The spy who sold me a Rolex on the beach (or 3 tips to help you make great career choices)

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Base your career choices on what’s fundamentally important to you.

In the months before I graduated from the University of Virginia, I had three job offers on the table.

  1. Enter Macy’s Buyer’s Training Program in New York.
  2. Work as a drama/swim/scuba instructor at a Club Med somewhere in the Caribbean.
  3. Become a spy for the CIA.

I’m not making this up.  Although these three directions have seemingly little in common, people who knew me then could tell you why it made perfect sense that I would be considering them.

From my perspective, each in its own way would help me meet many of my key life and professional needs, the things I felt I had to have present to feel fulfilled.  Things like adventure, creativity, lots of people interaction, travel, and variety.

I eliminated Club Med from the running on my own.  Sounded fun, but without much intellectual challenge or variety.  Could get old fast.

I was torn between Macy’s and the CIA.  I couldn’t tell anyone beyond my parents about the CIA, but I needed to get some additional perspective from someone I trusted and admired.  So I broke the rules and confidentially sought out my favorite UVa English professor, Mark Edmundson.  Mr. Edmundson advised that by basing myself in a city like New York, I’d have more potential to live the Romantic (with a capital R) life I studied in his classes.  This, as opposed to a life in the CIA where my major professional and life decisions would be less mine to make.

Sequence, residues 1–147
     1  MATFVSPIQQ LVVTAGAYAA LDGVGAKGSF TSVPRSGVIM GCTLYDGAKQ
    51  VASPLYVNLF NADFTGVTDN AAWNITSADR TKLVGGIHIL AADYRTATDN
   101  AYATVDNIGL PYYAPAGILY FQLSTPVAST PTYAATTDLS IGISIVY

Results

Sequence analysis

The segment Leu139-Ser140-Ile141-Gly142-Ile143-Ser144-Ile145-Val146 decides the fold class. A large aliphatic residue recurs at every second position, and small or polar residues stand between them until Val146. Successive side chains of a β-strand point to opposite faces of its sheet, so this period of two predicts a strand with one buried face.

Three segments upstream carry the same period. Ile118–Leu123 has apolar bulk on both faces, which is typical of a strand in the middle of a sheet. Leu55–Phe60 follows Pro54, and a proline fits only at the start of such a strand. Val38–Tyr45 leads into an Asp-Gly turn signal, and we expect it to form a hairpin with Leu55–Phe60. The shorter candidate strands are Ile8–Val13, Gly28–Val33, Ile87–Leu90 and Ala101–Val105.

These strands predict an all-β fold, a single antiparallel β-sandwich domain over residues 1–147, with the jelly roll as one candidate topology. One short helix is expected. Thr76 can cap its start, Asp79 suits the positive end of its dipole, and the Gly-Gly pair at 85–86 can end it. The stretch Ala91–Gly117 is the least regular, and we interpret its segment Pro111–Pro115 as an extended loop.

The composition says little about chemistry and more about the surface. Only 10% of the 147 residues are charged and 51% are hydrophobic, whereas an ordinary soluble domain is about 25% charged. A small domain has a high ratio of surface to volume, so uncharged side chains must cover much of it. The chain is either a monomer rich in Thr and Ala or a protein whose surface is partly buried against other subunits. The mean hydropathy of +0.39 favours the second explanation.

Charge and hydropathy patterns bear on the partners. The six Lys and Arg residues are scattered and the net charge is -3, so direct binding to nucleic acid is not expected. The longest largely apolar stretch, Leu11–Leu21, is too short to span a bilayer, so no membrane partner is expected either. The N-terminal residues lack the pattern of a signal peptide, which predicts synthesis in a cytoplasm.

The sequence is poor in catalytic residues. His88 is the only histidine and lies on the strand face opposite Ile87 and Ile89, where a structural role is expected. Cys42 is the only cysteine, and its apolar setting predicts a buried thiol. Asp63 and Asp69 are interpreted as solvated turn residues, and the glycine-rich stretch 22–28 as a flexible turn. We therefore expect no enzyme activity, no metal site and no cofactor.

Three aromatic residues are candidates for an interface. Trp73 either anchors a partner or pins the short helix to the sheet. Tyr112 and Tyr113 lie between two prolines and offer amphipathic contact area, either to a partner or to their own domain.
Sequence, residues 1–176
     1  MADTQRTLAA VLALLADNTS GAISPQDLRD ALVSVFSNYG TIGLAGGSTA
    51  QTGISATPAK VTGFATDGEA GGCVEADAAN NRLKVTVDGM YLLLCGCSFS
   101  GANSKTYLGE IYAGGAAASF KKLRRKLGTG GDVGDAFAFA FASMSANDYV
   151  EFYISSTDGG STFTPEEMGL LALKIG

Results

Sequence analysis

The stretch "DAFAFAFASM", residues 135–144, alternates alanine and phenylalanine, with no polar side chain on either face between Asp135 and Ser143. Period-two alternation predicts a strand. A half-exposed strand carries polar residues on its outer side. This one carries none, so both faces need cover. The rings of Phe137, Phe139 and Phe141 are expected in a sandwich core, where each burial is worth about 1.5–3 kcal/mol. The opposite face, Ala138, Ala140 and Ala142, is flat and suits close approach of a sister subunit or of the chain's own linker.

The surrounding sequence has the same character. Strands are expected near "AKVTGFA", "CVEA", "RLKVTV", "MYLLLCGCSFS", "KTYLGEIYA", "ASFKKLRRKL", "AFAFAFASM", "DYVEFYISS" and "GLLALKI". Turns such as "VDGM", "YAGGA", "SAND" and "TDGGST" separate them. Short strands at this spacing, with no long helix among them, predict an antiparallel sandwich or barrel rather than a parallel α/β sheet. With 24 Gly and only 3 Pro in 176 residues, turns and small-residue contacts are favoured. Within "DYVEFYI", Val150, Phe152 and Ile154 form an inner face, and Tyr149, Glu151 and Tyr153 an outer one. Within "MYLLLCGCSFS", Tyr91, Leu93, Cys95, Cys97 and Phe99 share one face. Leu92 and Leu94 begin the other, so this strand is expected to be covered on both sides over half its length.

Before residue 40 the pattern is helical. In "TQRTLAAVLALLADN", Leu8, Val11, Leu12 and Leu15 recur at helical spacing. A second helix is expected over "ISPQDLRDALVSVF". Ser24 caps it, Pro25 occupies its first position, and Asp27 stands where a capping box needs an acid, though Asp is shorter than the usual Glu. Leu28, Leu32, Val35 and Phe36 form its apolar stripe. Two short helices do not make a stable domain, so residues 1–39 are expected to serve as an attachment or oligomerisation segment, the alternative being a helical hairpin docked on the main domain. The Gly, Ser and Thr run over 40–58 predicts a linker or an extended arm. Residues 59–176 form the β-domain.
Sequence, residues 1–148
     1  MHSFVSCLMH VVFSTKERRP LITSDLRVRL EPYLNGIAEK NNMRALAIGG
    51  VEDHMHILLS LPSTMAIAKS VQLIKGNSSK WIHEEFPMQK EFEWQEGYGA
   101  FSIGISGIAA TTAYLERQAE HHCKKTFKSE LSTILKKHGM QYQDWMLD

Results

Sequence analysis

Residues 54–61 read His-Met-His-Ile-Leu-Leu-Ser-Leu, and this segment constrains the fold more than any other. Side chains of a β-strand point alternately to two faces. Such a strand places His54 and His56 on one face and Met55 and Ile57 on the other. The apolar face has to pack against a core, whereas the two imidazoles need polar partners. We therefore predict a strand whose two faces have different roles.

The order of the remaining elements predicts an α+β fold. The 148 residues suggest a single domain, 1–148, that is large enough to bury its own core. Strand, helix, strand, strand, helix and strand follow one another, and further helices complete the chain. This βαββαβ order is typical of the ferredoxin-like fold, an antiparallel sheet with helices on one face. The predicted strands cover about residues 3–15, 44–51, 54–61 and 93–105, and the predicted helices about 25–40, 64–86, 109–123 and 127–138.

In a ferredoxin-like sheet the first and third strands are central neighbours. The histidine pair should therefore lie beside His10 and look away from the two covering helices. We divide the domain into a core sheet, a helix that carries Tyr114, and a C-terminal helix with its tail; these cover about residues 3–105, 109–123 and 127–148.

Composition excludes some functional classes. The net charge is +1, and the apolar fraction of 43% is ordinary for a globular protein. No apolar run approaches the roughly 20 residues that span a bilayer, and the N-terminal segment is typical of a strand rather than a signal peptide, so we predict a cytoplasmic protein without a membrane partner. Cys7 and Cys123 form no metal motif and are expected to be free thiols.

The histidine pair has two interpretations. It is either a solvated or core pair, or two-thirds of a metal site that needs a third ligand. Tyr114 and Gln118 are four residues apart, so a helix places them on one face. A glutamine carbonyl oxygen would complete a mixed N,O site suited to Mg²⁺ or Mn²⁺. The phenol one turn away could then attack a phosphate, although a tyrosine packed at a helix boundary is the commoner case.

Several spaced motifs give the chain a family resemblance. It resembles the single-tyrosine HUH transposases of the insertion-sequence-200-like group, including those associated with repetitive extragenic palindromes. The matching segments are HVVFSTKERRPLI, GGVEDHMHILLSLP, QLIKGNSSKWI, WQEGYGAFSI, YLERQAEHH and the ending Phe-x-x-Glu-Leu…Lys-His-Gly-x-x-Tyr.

Plus, I had just spent a semester in Paris—and was hungry for a cosmopolitan experience on an even larger scale.  Being a buyer meant the possibility of national and international travel.   I could exercise my creative and social muscles.  And New York had theater.  In my heart, acting was what I really wanted to do.

Next stop, the Big Apple—and a great training stint in the Fine Watches buying office.

Key takeaways no matter where you are in your professional lifecycle

  1. Start your exploration and make key choices based on your core needs, like challenge, variety, and creativity.  When they are present in your work, you’ll be more fulfilled and productive in what you do.  Your career center or alumni association can help you assess these needs and values.  Or contact me and ask for our Needs and Values Assessment, and I’ll send it to you.
  2. Get good advice.
  3. Make a decisive choice, so you can market yourself convincingly with your resume, on LinkedIn, and every time someone asks you what you want to do next in your professional life.

But know that your path is not set in stone, particularly in the early stage of your career.  As big as these choices seem, things rarely turn out the way you plan them.  I didn’t become a spy (at least that’s what I have to tell people) or even a buyer (a family illness threw me a curve).  But I did become a professional actor.  Years ago, as my needs and values evolved, acting morphed into career consulting—a role in which I draw upon all the professional experiences that came before.

What’s the craziest career choice you’ve ever had to make, and how did you make it?  Tell us about it below!

Larry Braman is president of Los Angeles based Global Career Consulting and Placement, where he helps people, from new grads to executives, create and find more fulfilling, productive careers. 

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